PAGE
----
Rate commentary continues to be positive this morning with reinsurance firm Swiss Re (OTCPK:SSREF, OTCPK:SSREY), as its CEO highlighted that the property and casualty insurance industry is struggling to make its returns, leaving the industry at an inflection point, in need of turning around and suggesting price hardening.
In reporting his company's results, Swiss Re CEO Christian Mumenthaler noted that "2018 seems to be developing into what the overall industry would consider a normal year for losses."
The reinsurance firm has reported a positive nine months start to the year, despite the impacts of major natural catastrophe and man-made losses in the third quarter of 2018.
These large losses particularly hit the firm's P&C Reinsurance unit and commercial risk underwriting business Corporate Solutions during the period, which suggests those are the areas where the firm will be looking to hold up rates at forthcoming renewals, which ties in with the CEO's comments on the P&C insurance sector.
Swiss Re felt the impacts of around $1.6 billion of natural catastrophe and man-made losses during the third-quarter of 2018, but still managed to report net income of $1.1 billion for the first nine months of the year, better than the loss it reported for 2017. More on Swiss Re's results can be seen over on our sister publication, Reinsurance News.
Mumenthaler commented on the results, "During the third quarter, we once again witnessed a series of natural catastrophes and large man-made disasters that devastated lives and disrupted businesses, particularly in Japan and in the US. The situation continued to be challenging in the US, with the landfall of Hurricane Michael in October. Our sympathies go out to people affected by all of the events of the past months. In these tough times, we have the financial strength to support our clients, and ultimately their customers. This demonstrates the value we can bring by swiftly paying claims to help people and businesses get back on their feet following such catastrophes."
The Swiss Re Corporate Solutions unit fell to a small loss for the first nine months on the catastrophe and man-made loss activity, but the P&C Reinsurance unit managed a profit, even though the combined ratio came out at 99.5% following the catastrophe activity.
The company has already been taking advantage of slightly better rates in the reinsurance market since the losses of 2017, having underwritten almost 7% more gross premiums at almost $28.4 billion during the first nine months of 2018.
This expansion of the underwriting portfolio looks set to continue, as Swiss Re continues to have excess capital to return to shareholders, suggesting that if the firm can take advantage of rate improvements it will, by deploying more capacity into its underwriting.
Commenting on the outlook, Mumenthaler said, "After a prolonged period of benign loss years from 2012 to 2016, followed by heavy natural catastrophes last year, 2018 seems to be developing into what the overall industry would consider a normal year for losses."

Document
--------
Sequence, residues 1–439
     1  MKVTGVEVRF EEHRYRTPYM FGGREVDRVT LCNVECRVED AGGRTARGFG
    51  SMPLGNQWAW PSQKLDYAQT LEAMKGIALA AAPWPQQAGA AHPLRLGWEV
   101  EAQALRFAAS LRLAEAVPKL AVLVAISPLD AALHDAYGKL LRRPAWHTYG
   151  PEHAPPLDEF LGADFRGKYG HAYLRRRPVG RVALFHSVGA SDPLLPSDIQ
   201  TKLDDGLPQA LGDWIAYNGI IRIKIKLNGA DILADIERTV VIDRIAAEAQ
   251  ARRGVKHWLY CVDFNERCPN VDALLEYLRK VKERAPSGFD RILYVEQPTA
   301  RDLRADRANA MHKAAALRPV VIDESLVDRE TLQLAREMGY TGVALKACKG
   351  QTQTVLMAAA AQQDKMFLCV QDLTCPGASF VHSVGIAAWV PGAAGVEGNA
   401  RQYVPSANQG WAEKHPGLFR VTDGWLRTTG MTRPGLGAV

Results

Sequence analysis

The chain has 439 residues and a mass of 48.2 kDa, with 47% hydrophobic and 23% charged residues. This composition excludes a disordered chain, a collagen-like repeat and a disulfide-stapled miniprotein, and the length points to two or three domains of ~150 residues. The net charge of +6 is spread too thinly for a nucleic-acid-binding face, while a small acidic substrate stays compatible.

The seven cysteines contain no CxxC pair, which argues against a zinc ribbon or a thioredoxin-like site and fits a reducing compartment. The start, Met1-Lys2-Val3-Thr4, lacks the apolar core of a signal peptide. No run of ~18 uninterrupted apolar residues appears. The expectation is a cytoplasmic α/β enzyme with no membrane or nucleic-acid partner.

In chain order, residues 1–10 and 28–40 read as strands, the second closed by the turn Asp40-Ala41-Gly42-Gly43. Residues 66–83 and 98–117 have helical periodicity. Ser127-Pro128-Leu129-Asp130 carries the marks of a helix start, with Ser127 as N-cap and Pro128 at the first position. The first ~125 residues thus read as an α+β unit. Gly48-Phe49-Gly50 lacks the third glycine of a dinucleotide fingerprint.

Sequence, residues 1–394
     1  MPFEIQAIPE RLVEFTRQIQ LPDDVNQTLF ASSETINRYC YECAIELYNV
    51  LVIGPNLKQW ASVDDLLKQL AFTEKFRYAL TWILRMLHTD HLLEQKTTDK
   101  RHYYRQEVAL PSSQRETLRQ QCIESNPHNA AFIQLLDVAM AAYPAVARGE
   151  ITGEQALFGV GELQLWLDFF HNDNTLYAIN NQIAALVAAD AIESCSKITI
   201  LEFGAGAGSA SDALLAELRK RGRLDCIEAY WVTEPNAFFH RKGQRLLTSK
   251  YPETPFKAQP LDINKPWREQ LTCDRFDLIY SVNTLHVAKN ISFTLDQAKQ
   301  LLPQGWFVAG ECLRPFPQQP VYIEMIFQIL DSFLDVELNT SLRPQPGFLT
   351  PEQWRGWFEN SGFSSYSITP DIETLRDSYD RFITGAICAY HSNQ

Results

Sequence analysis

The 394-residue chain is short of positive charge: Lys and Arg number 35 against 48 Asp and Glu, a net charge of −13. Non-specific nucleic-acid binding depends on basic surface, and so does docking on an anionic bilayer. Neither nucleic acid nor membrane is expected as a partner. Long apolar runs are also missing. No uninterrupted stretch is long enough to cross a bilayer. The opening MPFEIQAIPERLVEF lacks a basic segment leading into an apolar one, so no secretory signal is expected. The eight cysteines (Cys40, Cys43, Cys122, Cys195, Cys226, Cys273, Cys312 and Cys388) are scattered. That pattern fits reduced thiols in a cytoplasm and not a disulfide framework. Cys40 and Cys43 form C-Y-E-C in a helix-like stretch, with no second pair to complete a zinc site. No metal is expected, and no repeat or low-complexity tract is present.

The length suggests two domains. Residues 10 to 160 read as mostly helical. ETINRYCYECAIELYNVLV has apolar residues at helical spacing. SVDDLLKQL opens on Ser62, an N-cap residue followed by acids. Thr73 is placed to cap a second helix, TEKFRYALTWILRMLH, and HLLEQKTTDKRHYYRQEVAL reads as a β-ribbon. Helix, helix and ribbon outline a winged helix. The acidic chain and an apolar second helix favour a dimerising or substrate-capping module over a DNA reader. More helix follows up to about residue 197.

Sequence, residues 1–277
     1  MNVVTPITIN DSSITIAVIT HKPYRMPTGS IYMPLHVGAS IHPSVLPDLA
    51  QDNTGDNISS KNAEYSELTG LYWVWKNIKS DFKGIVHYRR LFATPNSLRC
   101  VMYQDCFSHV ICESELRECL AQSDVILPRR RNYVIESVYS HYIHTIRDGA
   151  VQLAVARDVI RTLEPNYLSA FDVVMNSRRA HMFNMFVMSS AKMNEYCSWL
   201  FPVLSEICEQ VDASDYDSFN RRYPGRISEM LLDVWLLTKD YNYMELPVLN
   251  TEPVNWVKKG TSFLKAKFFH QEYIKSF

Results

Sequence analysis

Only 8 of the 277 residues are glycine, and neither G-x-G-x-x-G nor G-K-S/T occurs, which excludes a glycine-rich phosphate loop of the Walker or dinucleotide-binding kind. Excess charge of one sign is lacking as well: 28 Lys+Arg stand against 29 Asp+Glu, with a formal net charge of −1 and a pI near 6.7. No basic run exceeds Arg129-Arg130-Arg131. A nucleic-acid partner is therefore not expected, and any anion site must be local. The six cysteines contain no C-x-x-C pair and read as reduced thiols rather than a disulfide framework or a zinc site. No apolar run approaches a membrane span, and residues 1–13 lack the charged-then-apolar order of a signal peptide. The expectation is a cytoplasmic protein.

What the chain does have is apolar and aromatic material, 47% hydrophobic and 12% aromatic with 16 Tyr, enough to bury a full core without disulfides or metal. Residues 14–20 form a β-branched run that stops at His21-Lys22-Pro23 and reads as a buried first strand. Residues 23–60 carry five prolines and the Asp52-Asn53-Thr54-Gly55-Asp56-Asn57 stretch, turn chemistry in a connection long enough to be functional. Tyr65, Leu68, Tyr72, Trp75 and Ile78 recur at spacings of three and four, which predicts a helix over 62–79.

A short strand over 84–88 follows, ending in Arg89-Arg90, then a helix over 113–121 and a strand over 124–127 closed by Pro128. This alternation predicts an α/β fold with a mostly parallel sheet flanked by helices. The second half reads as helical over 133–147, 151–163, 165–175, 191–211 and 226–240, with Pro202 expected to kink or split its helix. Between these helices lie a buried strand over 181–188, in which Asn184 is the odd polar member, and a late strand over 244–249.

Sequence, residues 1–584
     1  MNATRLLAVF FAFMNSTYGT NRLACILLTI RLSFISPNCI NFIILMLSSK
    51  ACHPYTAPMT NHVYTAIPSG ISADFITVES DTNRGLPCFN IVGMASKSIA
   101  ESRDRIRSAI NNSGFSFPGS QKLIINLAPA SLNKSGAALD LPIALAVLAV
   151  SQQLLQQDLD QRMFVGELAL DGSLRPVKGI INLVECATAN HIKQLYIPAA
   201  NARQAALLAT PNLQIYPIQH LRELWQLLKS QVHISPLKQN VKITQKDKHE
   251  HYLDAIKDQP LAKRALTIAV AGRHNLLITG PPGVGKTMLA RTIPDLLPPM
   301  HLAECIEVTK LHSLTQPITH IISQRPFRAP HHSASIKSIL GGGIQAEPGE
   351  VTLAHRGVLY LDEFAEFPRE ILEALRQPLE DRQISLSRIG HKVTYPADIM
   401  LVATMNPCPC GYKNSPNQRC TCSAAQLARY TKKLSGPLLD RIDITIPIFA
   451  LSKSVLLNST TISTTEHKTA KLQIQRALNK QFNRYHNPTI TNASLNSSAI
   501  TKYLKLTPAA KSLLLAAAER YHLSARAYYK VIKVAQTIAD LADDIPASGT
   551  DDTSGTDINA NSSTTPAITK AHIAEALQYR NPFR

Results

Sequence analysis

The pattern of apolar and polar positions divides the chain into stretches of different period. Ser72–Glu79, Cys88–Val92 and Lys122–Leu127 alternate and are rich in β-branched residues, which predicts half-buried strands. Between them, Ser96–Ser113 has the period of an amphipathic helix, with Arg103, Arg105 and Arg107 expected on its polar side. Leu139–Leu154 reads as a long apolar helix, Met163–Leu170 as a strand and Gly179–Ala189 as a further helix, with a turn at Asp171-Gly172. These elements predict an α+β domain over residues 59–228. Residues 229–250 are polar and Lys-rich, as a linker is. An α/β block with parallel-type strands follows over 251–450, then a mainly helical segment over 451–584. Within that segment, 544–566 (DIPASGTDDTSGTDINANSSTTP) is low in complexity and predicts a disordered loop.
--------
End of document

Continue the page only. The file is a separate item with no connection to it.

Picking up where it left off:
It had been said that after 2017, just a normal level of losses may be enough to reduce profits enough for some reinsurance firms to call for more pricing discipline at renewals - that's no surprise. But the calls are now coming more frequently as the January 2019 renewals fast approach and the consensus seems to be building.
With large parts of the market looking unprofitable for anything other than the most efficient business model, it leaves incumbents with two choices: raise their discipline and refuse to see rates decline any further, or lower their expenses and choose more efficient capital options for underwriting in certain lines and regions.
We expect a mix of both at the renewals, as third-party capital looks set to increase its share of business again, but perhaps through the actions of traditional players leveraging more of it than before.
"We observe that the P&C insurance industry globally is struggling to earn its cost of capital. It seems that the industry has reached an inflection point and non-life insurance prices are hardening modestly in the major markets," Mumenthaler continued.
Swiss Re CFO John Dacey said during a media call this morning that he hopes for stable, perhaps even increasing, reinsurance pricing at the end of the year, and that the recent typhoon and catastrophe activity in Japan is likely to result in higher rates.
Of course, if non-life insurance prices harden, it doesn't automatically mean they will in reinsurance markets, but given the margin compression major reinsurers have experienced in recent years, they are likely to push for some benefits as a result of this year's loss activity, on the back of a still-creeping 2017 impact.
Swiss Re's research shows that underwriting margins have to improve to "ensure sustainable returns on equity for shareholders," Mumenthaler said. That means either more rate is required at the front end of the business, or a lower cost base is required to enable profit margins to be increased, or unneeded cost is removed from the value chain in between the risk and capital, or capital with a lower-cost and return hurdle needs to be used.
We expect all four of these strategies will be applied at the upcoming renewal season. Those who can embrace and apply them all may find themselves faring the best.
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